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Last Updated: Thursday, 19 January 2006, 16:52 GMT
How Ancic carries a nation's hopes
By Piers Newbery

Mario Ancic
Ancic has been bruised by the pressure of unfulfilled expectations
If Andy Murray is looking for some guidance on how to deal with carrying the hopes of a nation, he should look no further than Mario Ancic.

The 21-year-old Croat has had to fill some of the largest shoes in tennis as the natural heir to former Wimbledon champion Goran Ivanisevic.

His countrymen have certainly taken to their new hero, as anyone who has seen an Ancic match at the Australian Open will know from the football-style crowd he attracts.

"The atmosphere is always unbelievable here because there's such a big Croatian community," Ancic told BBC Sport.

"It almost feels like playing at home or in the Davis Cup. I feel very relaxed here - it reminds me of home in the summer."

As the last man to beat Roger Federer at Wimbledon in 2002, and having since reached a semi-final at SW19, the expectations levels surrounding Ancic have never been anything but high.

But after four years on the tour he has been bruised often enough to shy away from making predictions.

"Now I'm top 20 and I'm still looking forward but really it's just about building up my game," he said.

Croatian tennis player Mario Ancic shows off his football skills
Nowadays everybody is returning great, so you have to develop other strokes to get to the net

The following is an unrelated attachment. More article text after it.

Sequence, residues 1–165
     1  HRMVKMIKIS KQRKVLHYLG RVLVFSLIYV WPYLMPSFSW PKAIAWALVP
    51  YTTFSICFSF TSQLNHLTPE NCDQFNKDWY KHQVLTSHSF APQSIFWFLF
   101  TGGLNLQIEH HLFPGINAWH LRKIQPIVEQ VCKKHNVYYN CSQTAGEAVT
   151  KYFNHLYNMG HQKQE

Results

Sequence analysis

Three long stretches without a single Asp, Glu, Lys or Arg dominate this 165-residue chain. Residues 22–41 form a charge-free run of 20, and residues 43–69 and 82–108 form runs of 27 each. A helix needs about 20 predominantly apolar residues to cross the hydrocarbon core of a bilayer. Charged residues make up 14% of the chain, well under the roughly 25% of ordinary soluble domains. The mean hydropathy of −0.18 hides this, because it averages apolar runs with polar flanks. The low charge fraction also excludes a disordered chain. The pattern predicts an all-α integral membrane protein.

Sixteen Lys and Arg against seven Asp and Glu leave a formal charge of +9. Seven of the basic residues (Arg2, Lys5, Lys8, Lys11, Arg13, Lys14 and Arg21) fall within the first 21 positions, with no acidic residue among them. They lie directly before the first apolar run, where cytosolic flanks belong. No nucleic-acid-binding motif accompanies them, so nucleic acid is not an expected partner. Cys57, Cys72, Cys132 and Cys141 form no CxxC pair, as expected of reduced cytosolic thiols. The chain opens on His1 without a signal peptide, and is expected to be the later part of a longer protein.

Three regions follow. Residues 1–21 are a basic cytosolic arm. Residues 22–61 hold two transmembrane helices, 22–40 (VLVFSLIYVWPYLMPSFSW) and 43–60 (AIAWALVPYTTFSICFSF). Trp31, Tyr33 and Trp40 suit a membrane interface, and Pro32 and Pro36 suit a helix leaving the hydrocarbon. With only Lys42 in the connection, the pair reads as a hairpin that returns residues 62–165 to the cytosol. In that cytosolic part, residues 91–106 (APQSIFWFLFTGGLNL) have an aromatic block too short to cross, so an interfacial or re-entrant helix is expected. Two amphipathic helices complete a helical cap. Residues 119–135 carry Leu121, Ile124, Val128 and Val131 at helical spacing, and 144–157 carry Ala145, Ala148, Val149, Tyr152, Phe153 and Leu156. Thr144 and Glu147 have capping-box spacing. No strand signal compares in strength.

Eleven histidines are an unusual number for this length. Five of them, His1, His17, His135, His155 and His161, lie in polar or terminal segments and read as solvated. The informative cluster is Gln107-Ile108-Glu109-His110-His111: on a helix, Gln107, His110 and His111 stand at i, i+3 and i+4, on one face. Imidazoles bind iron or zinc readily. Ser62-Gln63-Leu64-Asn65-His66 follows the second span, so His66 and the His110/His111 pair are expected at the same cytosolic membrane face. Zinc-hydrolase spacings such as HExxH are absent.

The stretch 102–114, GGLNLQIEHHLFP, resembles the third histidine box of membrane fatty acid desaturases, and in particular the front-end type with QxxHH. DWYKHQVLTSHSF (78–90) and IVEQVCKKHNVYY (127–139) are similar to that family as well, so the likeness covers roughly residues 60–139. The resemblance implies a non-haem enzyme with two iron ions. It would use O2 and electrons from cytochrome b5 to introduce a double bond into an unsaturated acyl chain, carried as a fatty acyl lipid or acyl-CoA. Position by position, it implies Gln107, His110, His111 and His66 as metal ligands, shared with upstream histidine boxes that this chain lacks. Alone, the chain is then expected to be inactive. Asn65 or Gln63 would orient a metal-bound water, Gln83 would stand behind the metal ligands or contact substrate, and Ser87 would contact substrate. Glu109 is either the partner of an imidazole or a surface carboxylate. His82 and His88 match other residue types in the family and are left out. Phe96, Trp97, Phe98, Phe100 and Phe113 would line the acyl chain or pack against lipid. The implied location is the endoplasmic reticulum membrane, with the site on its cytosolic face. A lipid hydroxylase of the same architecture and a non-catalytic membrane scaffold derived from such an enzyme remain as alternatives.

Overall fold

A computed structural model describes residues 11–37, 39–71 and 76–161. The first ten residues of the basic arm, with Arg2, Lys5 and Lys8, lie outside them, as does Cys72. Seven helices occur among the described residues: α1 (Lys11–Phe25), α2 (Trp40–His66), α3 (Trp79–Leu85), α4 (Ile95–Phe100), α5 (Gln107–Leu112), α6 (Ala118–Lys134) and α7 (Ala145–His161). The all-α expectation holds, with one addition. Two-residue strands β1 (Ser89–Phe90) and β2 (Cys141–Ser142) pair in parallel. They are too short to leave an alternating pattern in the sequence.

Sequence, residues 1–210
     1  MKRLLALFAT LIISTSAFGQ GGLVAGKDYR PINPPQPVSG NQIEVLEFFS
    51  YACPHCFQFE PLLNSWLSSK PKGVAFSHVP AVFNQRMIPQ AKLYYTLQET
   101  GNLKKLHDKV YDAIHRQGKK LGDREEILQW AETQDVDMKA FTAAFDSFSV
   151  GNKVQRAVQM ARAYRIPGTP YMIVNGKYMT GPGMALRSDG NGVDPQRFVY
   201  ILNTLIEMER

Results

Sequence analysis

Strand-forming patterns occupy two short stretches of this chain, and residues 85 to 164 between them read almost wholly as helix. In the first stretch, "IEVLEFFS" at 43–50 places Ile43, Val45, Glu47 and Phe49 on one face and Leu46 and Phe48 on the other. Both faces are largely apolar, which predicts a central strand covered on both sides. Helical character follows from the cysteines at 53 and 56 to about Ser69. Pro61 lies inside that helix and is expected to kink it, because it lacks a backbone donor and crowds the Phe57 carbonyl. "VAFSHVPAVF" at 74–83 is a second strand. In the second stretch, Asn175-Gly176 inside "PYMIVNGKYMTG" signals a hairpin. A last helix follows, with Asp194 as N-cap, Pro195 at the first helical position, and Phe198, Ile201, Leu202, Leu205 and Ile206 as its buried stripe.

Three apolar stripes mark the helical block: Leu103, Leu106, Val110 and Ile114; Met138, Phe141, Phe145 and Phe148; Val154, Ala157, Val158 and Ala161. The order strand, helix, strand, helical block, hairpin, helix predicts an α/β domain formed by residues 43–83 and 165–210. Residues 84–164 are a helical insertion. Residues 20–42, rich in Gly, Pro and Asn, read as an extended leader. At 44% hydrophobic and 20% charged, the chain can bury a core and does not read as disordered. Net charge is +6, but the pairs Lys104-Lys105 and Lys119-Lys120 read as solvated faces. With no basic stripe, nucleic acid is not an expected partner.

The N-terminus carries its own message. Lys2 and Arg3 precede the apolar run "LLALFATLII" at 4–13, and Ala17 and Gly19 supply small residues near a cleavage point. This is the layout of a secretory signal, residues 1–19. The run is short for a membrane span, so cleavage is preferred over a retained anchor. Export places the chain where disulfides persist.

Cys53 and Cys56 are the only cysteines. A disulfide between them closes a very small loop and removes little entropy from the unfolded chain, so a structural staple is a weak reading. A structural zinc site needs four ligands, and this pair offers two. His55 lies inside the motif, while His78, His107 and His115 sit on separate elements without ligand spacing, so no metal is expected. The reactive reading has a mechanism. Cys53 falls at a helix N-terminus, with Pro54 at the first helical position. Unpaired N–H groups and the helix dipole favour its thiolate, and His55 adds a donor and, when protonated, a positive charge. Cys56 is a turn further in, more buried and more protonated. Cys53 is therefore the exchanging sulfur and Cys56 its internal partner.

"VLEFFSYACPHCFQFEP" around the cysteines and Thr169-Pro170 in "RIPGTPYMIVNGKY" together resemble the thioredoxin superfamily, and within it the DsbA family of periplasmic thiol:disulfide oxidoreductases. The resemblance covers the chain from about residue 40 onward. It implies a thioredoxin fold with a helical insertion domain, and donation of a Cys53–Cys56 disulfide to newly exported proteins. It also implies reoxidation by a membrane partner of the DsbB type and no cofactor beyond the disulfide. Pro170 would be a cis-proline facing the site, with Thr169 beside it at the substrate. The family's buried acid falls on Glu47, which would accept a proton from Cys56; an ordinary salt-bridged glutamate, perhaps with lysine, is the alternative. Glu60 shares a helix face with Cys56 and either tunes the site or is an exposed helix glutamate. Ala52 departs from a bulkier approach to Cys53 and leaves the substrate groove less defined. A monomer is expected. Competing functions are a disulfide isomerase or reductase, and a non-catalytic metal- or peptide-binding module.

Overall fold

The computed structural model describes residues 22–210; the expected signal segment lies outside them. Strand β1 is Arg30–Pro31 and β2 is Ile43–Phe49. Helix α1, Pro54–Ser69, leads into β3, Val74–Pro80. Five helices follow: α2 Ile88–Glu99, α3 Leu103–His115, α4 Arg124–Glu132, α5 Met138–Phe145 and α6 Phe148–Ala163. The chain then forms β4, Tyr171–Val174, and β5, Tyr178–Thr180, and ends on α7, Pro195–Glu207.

"It's easy to say which number you want to be. I'm working very hard on my game and hopefully it can bring me up to top 15 or top 10."

It has not always been a smooth rise to his current position of 21 in the world, but having finished last year with a dramatic Davis Cup win and started 2006 with a final place in Auckland, Ancic looks ready for another push up the rankings.

His form in Melbourne, where has had two solid wins and has a number of clay-court specialists ahead of him in the draw, suggests he could still be a contender next week.

And with Tim Henman long gone, Ancic is himself something of a curiosity as one of few players left in the draw who relishes getting to the net.

"That is something I'm working hard to achieve, trying to be aggressive, and it doesn't matter which surface - try to keep to my gameplan," he said.

"I think I'm a big guy and I have to use my advantages, which are a big serve, coming to the net and volleying.

"The other guys have maybe better groundstrokes and are faster, and nowadays everybody is returning great, so you have to develop other strokes to get to the net.

"You cannot just come to the net and say 'here I am' because everyone can pass you now."

That is a fact that Henman spent the best part of a decade learning, and something that tempers Ancic when many regard him as a future Wimbledon champion.

"Wimbledon is big, like all Grand Slams, and I've felt great playing there but I still think I'm an all-court player and play well on all kinds of surfaces. I don't really put too much pressure on just winning Wimbledon."


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